In my Hyderabad office, on a lean day, work-wise, I sat at my desk and decided to take the cyber route to end this mystery. The reader might be thrilled to know that BEWARS is the abbreviation of the British Excavation and Archeological Research Society. Here, I received a bit of encourage when my brain allowed me to assume that the word might have had origins in the Indian opinion of British Archaeology. Of course this was all conjecture and thus I had to persist. So, the reader will, then, come across a few casual references to the word by various Telugu gentlemen around the world. Most of them are in appropriately bad taste and a few are worse where the respectful author deems it fit to call a colleague of mere acquaintance, a Bewars Lanja!

Upon still further search, I realized that it is a popular surname in Britain and America. Now, it is probable that a person of a distinguishable personality is seen often to lend his nomenclature to the personality itself. A proper noun example being: “That teacher is a Hitler” or “Stop monkeying around!” I decided to leave no stone unturned and check if any member of the Bevars/Bewars family had any connection, dubious or otherwise with India.

Dead End

Firstly, the answer is unfortunately, no. Secondly, the earliest reference to this name lies in the website www.ancestry.co.uk wherein I found that in 1820, a British couple, Antonie and Mary Bewars left for New York on a ship from a port in Germany. Upon further search I found http://boards.ancestry.com/thread.aspx?mv=flat&m=1&p=surnames.bevars where members of the Bevars family are attempting to contact other members of the Bevars family. A few excerpts from the page are given below for the amusements of readers who fully understand the meaning of bewars.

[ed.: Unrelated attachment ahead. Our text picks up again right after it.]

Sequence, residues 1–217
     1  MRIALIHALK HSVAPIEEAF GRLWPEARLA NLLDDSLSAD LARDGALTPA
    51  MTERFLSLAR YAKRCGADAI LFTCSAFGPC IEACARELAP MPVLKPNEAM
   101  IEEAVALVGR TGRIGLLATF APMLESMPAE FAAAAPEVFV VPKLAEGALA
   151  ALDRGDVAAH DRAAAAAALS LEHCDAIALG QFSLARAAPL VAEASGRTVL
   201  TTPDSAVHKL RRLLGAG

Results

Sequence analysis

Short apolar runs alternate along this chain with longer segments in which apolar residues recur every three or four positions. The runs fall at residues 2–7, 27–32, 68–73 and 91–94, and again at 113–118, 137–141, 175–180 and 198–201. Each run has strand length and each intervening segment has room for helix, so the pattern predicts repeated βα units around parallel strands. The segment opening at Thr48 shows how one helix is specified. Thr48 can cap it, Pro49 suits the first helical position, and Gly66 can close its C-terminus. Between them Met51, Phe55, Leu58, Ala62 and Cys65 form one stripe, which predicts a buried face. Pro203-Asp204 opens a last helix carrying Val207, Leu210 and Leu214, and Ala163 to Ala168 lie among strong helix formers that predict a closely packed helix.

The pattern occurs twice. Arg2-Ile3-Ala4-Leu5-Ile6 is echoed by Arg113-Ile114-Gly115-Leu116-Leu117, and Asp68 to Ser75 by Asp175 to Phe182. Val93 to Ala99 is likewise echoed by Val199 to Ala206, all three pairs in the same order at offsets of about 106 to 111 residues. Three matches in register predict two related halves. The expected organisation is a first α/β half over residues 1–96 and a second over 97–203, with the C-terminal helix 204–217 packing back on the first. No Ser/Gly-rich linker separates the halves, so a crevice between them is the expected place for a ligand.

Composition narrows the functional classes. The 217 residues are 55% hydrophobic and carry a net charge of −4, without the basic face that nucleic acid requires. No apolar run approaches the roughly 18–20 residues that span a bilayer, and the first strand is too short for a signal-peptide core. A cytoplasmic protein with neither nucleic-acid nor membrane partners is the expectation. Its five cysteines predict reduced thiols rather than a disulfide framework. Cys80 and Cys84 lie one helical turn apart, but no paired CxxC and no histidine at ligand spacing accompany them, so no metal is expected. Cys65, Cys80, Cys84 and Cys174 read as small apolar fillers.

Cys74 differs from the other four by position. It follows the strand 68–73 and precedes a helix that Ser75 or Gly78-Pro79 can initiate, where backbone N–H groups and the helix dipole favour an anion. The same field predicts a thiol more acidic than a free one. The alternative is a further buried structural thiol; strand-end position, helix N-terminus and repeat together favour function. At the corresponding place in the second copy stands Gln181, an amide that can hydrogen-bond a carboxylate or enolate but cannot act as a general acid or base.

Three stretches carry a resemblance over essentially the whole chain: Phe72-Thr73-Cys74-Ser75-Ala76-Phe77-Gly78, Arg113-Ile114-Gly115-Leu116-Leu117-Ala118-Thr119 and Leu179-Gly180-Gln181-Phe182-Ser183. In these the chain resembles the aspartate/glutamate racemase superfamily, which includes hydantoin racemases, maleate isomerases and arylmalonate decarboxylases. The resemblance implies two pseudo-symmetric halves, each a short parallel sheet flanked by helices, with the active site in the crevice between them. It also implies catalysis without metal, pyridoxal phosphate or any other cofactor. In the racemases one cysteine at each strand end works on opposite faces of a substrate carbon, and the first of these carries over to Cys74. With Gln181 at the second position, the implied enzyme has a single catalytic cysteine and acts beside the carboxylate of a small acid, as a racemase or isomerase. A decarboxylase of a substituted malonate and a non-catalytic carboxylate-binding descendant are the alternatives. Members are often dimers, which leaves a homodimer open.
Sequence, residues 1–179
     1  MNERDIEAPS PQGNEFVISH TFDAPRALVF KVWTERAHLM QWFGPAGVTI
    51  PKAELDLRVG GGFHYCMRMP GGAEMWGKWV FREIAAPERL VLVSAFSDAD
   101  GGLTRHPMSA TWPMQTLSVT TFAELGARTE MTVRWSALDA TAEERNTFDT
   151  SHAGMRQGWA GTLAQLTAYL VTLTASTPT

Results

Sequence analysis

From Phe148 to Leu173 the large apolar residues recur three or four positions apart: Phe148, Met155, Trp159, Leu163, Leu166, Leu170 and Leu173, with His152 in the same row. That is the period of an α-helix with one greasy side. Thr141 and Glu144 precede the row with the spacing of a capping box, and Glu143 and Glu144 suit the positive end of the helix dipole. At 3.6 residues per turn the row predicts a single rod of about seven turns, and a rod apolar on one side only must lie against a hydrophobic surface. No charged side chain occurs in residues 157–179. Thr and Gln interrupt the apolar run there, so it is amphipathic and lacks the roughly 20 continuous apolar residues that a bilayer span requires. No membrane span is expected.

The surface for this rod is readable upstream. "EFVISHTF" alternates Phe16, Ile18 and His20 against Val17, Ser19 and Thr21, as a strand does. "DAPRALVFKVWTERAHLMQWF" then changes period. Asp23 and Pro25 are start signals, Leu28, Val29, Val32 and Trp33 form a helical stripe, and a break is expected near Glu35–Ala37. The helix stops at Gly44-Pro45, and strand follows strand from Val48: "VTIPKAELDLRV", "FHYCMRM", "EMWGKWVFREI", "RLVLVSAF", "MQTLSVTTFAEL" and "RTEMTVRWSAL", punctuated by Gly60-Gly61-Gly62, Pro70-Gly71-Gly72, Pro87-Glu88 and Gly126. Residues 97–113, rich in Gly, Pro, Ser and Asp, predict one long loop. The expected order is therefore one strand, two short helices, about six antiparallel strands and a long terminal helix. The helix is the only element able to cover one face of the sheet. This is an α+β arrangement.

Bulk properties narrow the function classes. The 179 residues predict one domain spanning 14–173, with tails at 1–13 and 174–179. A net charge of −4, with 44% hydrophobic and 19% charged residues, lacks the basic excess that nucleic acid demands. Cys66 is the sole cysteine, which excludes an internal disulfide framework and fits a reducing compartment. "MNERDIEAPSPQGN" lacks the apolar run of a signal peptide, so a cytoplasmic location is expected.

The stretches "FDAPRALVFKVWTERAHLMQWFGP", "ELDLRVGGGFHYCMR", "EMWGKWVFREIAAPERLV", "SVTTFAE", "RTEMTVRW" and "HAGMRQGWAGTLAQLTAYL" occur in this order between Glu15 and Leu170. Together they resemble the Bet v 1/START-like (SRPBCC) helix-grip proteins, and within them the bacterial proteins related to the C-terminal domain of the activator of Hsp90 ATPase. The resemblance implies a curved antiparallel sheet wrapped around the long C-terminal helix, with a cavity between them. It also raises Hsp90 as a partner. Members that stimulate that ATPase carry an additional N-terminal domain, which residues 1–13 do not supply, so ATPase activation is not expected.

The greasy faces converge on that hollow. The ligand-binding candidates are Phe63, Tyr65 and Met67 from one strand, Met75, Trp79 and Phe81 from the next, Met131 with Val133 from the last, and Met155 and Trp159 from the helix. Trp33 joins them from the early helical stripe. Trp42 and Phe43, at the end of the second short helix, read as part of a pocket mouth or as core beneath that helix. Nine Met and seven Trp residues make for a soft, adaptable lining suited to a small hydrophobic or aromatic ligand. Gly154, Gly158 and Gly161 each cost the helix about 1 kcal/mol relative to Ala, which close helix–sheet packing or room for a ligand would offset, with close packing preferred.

Juilee134: There are a few Bevars in the Lawrence county, in cemeteries.
L. J Clark: Hi, did you know there are very few bevars? We might be family.
Julie: Thank you, I am real bad at this stuff, but I keep trying. At one time my Bevars was Beavers, and then nothing.

Ad Bevars: "I don’t really know too much about my family history, other than (that) I was always told that the family was black foot Native American. It’s just so exciting to find more bevars people out there. We are few and far in between!"

Clearly Ad Bevars has never been to Andhra! Also another interesting person worth mentioning at this juncture is one Mr. Duffer Bevars ( the reader might be interested to know that an appropriate cyber slang here would be ROTFLMAO) who conducts his profession in matters relating to software engineering.

New Leads

After much amusement and online grave digging across of England and New York, we were forced to abandon the theory that the word is of British origin. Just when we have almost given up hope, a quick look into the urban dictionary has given us a new lead, that the word Bevarsi (which is very close to Bewars) is a Kannada slang word used by slum people in Karnataka. And at the same time g2 dug into the Telugu Wikipedia to find an article which listed all the Urdu words borrowed into the Telugu language and found another exciting lead there. With the two possible leads in less than an hour’s time, both of us initially came to the conclusion that the word is of Kannada origin but destiny had different plans with a new twist...!”

To be continued... in the mean time, share this with your Telugu friends :)